The Holmes Business College is a comparatively new venture. It was opened in 1887 by G. Holmes, by whom it has since been conduced. Quarters have been fitted up in the Abington block with all appliances for giving a thorough education in such knowledge as is needed in following a business avocation.

Besides the above there are special schools for special instruction in needle work, a kindergarten school, and many opportunities for private instruction afforded by special tutors. Portland, it will be seen, has all the necessary advantages for instruction in the common, and many of the special branches of education, and only needs a first class university to crown the system to make it one of the strongest of educational cities.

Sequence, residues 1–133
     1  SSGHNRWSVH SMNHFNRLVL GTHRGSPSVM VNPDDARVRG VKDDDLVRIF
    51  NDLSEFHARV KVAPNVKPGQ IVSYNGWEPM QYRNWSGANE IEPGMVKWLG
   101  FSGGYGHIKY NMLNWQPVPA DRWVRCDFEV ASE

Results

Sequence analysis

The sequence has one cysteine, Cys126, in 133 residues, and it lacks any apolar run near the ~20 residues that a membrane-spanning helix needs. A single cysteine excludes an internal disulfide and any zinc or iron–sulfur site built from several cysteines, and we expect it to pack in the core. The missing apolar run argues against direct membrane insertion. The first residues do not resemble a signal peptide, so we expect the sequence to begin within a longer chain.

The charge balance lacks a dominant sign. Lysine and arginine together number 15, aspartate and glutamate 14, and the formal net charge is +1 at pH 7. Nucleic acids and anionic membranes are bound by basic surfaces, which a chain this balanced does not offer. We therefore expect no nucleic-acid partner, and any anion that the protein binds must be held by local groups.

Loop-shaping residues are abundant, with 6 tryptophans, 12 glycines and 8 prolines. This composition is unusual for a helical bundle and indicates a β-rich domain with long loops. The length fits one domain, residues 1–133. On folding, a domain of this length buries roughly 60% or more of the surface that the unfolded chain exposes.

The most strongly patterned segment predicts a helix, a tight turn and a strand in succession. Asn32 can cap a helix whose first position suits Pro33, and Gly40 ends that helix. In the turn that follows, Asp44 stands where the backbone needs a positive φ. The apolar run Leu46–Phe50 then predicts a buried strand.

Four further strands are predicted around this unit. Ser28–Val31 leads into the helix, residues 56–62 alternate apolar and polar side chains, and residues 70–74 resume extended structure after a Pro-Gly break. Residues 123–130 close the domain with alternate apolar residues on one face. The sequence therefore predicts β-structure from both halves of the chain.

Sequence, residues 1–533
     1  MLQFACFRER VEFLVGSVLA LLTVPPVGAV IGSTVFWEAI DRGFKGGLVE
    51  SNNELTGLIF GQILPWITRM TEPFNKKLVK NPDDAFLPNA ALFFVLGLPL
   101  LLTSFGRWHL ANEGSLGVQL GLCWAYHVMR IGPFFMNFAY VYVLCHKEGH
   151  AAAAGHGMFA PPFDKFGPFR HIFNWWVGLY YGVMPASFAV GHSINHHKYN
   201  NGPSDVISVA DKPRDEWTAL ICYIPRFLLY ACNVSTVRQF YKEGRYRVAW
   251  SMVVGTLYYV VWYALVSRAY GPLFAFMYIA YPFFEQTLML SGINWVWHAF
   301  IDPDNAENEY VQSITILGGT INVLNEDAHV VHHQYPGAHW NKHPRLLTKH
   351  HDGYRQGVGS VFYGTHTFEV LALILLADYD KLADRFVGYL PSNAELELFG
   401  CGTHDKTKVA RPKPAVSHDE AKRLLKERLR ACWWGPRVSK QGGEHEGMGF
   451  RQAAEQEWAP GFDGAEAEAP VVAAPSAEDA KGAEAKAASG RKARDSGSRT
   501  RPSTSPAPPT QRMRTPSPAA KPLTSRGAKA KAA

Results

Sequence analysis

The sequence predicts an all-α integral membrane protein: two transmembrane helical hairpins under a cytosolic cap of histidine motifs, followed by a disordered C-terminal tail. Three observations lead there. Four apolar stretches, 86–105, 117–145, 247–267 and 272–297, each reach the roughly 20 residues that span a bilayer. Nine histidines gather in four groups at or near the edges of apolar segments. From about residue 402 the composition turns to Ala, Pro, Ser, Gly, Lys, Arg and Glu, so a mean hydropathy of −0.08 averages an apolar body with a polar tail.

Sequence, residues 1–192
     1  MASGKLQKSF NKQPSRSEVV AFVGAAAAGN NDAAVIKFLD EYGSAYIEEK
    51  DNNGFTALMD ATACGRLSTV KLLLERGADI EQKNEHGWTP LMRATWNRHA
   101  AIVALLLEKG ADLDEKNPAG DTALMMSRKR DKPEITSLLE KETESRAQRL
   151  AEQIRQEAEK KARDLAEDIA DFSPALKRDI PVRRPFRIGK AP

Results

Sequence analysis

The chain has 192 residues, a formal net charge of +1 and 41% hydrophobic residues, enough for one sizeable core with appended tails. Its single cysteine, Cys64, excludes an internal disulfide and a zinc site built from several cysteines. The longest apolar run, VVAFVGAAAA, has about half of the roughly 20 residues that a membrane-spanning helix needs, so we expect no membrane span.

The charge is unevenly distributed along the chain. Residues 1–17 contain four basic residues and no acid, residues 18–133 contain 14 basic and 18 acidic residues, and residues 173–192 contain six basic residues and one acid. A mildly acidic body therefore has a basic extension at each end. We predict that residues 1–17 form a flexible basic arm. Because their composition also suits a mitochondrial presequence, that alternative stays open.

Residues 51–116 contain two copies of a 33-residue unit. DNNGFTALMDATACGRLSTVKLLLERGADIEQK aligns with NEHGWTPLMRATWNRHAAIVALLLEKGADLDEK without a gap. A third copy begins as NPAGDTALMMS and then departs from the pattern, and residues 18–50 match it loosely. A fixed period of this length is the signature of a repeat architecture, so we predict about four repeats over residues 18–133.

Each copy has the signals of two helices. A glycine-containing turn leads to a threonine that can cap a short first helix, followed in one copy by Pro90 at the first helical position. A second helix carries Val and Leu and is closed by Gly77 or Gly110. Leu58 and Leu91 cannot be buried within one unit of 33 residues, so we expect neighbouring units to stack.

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1. Anthony L. Davis, one of the earliest and most zealous advocates of Portland's free school system, came from Fort Leavenworth, Indiana, to Portland, in 1850. He served a term in the State Legislature of Indiana and soon after his arrival in Port-land was elected a Justice of the Peace, serving in that capacity for several years. He was a man of high character and held in much esteem. He died in Portland in 1866.